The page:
As discussed previously, hyperfiltration increases the glomerular capillary hydrostatic pressure gradient, thus exerting mechanical stress on structures of the kidney. Podocytes with their actin cytoskeleton are found to be mechanosensitive, and mechanical stretch causes narrowing of their bodies, elongation of cytoplasmic processes, and cellular hypertrophy.27 The stress-induced expansion of the glomerular basement membrane (GBM) contributes to adaptive podocyte hypertrophy and foot process effacement leading to ultimate podocyte detachment. Biomechanical stress activates various signaling pathways including protein kinases, prostaglandins, angiotensin II, mTOR, and TGF-β.28,29,30 Increased shear stress on proximal tubule microvilli is transmitted to the brush border cytoskeleton, generating biochemical signaling that activates the luminal Na+/H+ exchanger type 3 (NHE3) transporter and the basolateral Na+/3HCO3 cotransporter. Consequently, increases in reabsorption of sodium in the proximal tubule also contribute to decreased delivery of solutes to the macula densa and perpetuation of glomerular hyperfiltration.31,32

Inflammation and Fibrosis

Inflammation is now recognized as a major mechanism for the development and progression of DKD. Toll-like receptors (TLRs) play a fundamental role in the innate immune system by triggering proinflammatory signaling pathways in response to chronic exposure to the diabetic milieu.33 TLR2 and TLR4 receptors play a particularly important role, expressed in both intrinsic kidney cells (glomerular podocytes, mesangial cells, endothelial cells, and epithelial tubular cells) and immune cells (kidney dendritic cells, part of the resident network of inflammatory cells referred to as a renal mononuclear phagocyte [MNP], lymphocytes, and macrophages).34,35,36,37,38,39 Activation of TLRs upregulates transcription of proinflammatory cytokines and chemokines.37,38 Proinflammatory cytokines in
turn recruit additional immune cells, predominantly macrophages, activated T cells, and neutrophils, thus perpetuating a vicious inflammatory cycle.40,41,42,43,44

Inflammation produces various structural and resulting functional changes in the kidney. The extent of glomerulosclerosis and tubulointerstitial inflammation, as well as the rate of eGFR decline, is correlated with macrophage infiltration.42,45 Increased oxidative stress, inflammatory cell infiltration of the tubulointerstitium, intraglomerular hemodynamic abnormalities, extracellular matrix dynamics, promotion of kidney hypertrophy, thickening of the GBM, and podocyte and endothelial abnormalities are all associated with proinflammatory cytokine levels (including interleukin 1 [IL-1], interleukin 6 [IL-6], interleukin 18 [IL-18], and tumor necrosis factor-alpha [TNF-α]).46,47,48,49,50,51 Furthermore, macrophage infiltration of the tubulointerstitium, podocytopenia, and damage to GBMs and slit membranes are associated with upregulation of monocyte-chemotactic protein-1 (MCP-1)/chemokine C-C motif-ligand 2 (CCL2), C-X3-C motif chemokine (CX3CL1), and C-C motif chemokine 5.52,53,54,55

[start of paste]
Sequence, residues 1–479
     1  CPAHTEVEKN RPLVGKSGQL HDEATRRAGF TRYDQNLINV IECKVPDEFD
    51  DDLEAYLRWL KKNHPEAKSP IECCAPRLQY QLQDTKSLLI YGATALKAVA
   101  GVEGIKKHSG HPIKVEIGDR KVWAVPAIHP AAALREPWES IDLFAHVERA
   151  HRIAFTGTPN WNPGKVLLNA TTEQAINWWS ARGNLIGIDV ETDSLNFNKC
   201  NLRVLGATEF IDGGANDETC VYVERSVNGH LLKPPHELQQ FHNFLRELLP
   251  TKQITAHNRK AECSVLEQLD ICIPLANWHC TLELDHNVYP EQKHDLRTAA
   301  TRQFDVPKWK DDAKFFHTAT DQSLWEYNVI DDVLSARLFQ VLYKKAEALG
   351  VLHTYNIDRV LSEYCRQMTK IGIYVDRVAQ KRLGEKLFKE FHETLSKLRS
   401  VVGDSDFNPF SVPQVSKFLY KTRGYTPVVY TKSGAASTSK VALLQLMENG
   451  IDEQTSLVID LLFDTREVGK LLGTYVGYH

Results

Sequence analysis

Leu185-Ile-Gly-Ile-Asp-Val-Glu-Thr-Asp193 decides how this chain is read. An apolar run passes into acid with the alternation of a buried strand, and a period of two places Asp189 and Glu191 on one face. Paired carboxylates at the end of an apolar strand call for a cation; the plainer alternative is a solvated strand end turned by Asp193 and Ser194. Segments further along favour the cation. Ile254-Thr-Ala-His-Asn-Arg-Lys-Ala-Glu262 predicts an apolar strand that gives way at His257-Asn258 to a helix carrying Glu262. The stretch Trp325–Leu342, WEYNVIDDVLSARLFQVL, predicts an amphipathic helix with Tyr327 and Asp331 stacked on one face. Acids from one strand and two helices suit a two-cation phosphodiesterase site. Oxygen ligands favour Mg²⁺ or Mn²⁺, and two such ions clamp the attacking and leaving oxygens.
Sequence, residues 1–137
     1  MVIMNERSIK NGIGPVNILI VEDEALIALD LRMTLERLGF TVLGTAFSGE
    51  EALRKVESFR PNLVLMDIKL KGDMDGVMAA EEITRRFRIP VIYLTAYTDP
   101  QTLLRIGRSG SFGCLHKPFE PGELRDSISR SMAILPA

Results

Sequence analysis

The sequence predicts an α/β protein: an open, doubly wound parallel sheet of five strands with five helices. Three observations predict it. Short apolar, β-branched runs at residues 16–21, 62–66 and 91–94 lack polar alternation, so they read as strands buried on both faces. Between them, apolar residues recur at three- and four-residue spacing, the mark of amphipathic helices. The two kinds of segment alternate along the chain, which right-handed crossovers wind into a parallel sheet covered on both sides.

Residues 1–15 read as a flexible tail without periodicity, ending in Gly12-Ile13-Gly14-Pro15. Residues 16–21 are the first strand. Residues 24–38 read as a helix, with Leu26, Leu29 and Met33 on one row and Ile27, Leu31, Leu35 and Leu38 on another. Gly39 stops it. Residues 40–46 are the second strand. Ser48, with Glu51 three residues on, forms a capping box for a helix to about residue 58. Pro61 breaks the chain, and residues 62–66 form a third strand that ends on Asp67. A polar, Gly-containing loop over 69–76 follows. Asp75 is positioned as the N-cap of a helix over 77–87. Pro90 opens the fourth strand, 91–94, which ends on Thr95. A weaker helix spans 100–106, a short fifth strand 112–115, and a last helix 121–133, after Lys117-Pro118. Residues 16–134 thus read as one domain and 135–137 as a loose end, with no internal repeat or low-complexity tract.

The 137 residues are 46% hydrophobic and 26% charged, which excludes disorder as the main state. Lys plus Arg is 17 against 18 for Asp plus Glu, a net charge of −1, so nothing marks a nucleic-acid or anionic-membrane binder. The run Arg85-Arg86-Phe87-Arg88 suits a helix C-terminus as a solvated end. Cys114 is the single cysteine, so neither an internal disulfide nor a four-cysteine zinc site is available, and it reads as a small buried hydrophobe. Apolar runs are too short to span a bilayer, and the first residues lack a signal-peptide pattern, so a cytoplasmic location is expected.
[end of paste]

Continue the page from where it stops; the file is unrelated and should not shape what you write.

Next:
Epigenetic Changes in the Diabetic Kidney

Exposure to chronic hyperglycemia induces epigenetic alternations, including DNA methylation, histone modifications, and expression of noncoding RNAs.56,57 Epigenetic changes are a plausible mechanism for “metabolic memory” or the “legacy effect” characterized by persistent and enduring effects of early intensive glycemic control on the future development of DKD.33,58 Furthermore, histone methylation and acetylation have been implicated in the induction and expression of potent profibrotic factors in DKD such as TGF-β1.59,60 Noncoding RNAs are correlated with podocyte apoptosis, mesangial cell proliferation, and upregulation of various proinflammatory and fibrotic cytokines in animal models and in vitro.61,62,63,64

Structural Changes of Kidney

Structural changes in DKD are similar in both T1D and T2D across multiple compartments in the kidney.26,65,66,67 Enlargement of the kidney owing to glomerular and tubular hypertrophy, driven by growth factors and cytokines, is an early hallmark of DKD. Another early change is decreased negative charge and irregular thickening of the GBM.68 The proposed underlying mechanism of this change is increased production and decreased degradation of extracellular matrix proteins and heparan sulfate proteoglycan due to exposure to glycated proteins and mechanical stress in the glomerulus (Figure 10.3).6,68,69,70 Another key feature of early DKD is expansion of the mesangium.71 In part due to an adaptive response to the thickened GBM, alterations in subcellular localization of nephrin, and disruption of the actin cytoskeleton, podocytes flatten and demonstrate foot process effacement contributing to the loss of slit diaphragm integrity.71 Finally, podocytes detach from the GBM, leaving large subepithelial surfaces of the GBM denuded.72 Thickening of Bowman capsule and glomerular mesangial expansion are primarily due to increases in matrix and cellularity.73 Plasma proteins or hyaline material often accumulates between the glomerular endothelium and the GBM (fibrin cup) and between the glomerular tuft and Bowman capsule (capsular drop) (Figure 10.4).6,74,75 With the progression of DKD, mesangial expansion often forms sites of nodular glomerulosclerosis known as Kimmelstiel-Wilson nodules. Kimmelstiel-Wilson nodules were originally described as a pathognomonic lesion of diabetic glomerulopathy but may be seen in other conditions. Differential diagnosis includes membranoproliferative glomerulonephritis, monoclonal immunoglobulin/light chain deposition disease,